Outline final project eg 1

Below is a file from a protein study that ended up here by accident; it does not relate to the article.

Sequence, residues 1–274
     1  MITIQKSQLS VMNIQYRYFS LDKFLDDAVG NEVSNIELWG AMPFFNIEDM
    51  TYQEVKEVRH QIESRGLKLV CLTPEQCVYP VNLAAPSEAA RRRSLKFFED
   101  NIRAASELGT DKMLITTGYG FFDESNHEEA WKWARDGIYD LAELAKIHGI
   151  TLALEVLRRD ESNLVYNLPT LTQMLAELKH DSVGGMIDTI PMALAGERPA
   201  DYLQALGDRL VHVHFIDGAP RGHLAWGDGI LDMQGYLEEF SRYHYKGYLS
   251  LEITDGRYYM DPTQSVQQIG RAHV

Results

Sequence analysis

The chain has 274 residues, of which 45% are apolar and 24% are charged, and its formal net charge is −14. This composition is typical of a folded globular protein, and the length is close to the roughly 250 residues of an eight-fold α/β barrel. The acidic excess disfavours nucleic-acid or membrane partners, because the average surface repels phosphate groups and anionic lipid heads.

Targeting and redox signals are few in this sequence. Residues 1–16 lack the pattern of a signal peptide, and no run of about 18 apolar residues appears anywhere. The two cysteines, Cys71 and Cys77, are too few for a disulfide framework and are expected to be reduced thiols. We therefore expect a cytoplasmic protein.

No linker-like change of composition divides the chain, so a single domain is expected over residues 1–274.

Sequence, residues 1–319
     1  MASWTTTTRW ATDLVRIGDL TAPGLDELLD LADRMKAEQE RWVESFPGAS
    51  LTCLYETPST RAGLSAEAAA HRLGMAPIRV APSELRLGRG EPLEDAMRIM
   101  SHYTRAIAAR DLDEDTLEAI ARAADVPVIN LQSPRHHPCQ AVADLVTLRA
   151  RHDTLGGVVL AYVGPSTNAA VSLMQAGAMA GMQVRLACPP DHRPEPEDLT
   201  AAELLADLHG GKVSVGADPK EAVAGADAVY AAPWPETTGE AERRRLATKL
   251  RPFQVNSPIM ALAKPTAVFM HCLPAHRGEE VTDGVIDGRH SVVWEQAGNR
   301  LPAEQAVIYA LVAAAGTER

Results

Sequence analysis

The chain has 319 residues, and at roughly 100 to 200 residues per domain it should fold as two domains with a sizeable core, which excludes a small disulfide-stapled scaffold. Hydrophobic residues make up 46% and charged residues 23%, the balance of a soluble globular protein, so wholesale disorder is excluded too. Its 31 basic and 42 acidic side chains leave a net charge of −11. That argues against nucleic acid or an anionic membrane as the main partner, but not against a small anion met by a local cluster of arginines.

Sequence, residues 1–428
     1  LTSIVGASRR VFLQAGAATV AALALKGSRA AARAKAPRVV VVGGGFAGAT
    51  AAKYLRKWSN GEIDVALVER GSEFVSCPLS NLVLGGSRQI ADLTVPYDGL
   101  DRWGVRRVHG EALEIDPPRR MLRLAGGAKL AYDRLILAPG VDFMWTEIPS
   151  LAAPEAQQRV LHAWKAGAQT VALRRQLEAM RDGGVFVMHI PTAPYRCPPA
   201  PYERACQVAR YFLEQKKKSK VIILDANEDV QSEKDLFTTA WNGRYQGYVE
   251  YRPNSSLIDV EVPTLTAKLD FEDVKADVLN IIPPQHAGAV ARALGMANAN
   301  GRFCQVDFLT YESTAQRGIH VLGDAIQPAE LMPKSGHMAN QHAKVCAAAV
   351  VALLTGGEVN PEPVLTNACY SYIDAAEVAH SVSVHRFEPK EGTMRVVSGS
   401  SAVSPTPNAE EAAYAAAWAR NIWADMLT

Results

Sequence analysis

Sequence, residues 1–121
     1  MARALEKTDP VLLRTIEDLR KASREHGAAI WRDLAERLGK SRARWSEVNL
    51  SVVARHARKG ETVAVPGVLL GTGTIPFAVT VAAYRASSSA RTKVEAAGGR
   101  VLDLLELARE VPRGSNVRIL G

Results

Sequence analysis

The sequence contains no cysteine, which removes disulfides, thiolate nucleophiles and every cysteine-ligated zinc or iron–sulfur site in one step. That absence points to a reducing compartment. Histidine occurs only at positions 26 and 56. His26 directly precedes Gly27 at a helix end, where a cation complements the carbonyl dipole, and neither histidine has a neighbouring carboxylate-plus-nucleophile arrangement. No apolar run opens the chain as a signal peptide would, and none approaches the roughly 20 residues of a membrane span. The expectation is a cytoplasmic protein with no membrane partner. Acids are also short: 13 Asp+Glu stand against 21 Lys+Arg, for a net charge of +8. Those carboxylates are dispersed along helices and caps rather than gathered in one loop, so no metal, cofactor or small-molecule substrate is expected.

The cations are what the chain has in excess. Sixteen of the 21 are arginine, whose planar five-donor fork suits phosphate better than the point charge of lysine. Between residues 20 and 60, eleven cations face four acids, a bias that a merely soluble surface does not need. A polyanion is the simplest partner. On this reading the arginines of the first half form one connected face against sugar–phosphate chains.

Outline final project eg 1 - Outline for Final Project I....